This chapter will examine elements of communication in our role as expert searchers. First, interprofessional communication and communicating as part of a team will be examined from the framework of core professional competencies. The practical use of peer communication to assure or improve search quality will be examined with the PRESS checklist. Next will be a discussion of presenting search results to gain maximum impact.
The chapter will go on to examine ways to increase discoverability, reproducibility and reusability of our work through mechanisms such as protocol registration, open access publication and data deposit. These are key to clear, complete, transparent scientific communication. The role of social media, broadly defined, in professional communication in support of search will also be discussed.
Our advances through formal research studies in methods of searching need to be communicated to professional audiences, both in library science and, more broadly, through academic communication or knowledge translation. Finally, future directions for research and practice will be suggested and conclusions and key points for reflection will be presented.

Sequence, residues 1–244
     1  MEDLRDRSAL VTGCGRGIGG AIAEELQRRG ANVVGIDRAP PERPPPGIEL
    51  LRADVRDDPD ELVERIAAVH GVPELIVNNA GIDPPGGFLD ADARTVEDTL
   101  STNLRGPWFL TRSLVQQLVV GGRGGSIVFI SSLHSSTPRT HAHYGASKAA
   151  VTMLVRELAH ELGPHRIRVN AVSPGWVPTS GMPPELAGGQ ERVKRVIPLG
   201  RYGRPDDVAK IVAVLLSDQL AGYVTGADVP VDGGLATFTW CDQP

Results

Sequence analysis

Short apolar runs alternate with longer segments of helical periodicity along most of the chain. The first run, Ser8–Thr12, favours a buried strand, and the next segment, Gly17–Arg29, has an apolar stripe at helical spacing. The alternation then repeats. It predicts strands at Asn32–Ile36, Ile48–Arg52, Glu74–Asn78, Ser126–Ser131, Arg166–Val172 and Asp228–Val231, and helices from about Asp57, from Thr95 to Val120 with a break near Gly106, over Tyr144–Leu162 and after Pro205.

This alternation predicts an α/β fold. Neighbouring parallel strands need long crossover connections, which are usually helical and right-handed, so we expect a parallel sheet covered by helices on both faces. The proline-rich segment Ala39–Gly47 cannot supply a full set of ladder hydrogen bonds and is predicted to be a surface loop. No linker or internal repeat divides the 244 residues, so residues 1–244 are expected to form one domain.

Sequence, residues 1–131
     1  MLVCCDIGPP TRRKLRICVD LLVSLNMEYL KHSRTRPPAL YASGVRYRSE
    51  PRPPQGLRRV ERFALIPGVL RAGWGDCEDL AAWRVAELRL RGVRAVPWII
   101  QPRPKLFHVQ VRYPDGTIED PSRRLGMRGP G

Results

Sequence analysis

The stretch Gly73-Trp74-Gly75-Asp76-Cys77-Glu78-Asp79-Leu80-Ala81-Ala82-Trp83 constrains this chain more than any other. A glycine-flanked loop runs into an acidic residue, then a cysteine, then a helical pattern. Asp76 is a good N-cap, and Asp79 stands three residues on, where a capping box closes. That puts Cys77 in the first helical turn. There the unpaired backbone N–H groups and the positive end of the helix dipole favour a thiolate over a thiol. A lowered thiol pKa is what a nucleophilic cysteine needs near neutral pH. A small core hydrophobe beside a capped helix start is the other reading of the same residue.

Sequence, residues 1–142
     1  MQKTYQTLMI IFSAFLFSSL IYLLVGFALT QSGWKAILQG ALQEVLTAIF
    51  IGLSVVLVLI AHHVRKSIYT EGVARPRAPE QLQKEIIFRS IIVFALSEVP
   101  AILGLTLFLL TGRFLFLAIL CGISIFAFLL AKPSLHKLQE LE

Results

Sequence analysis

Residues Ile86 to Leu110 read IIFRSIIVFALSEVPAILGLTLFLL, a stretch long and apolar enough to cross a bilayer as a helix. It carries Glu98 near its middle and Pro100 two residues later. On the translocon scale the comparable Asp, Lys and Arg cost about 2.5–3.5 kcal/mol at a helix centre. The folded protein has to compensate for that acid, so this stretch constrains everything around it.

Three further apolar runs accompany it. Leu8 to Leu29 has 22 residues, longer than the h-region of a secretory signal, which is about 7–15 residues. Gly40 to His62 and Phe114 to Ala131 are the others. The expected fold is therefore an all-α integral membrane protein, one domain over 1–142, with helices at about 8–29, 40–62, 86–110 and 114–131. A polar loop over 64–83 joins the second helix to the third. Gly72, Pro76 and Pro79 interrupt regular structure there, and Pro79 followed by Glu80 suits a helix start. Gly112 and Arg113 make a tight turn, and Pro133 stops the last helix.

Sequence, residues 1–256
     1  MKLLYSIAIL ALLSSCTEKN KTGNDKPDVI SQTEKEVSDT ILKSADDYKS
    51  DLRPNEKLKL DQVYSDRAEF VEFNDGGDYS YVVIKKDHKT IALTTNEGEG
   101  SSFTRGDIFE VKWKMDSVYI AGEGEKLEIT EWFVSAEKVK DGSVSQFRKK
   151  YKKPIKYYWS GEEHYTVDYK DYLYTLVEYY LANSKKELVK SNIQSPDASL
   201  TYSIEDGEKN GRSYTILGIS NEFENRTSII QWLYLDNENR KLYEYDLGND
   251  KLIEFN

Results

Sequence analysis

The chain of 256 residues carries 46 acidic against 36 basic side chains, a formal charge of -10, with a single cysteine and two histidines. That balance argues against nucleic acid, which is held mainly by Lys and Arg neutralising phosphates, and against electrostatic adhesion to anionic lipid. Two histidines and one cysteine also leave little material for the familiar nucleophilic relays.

‘Interdisciplinary communication’ is defined in the Medical Subject Heading (MeSH) term as:
Communication, in the sense of cross-fertilization of ideas, involving two or more academic disciplines (such as the disciplines that comprise the cross-disciplinary field of bioethics, including the health and biological sciences, the humanities, and the social sciences and law). Also includes differences in patterns of language usage in different academic or medical disciplines.(National Library of Medicine, 2018)
Chapter 11 has shown just how important this collaboration with other members of the review team can be to maintaining the professional standing of the expert searcher.
Understanding training and expectations for communication can be very helpful. CanMEDS is a Canadian framework that identifies and describes the abilities physicians require to meet effectively the health care needs of the people they serve (Royal College of Physicians and Surgeons of Canada, 2011). The overarching competency is that of medical expert, but the first specific role is that of communicator (see Case study 12.1). These role expectations can be paraphrased to describe the role of the searcher in the reference interview (see Case study 12.2).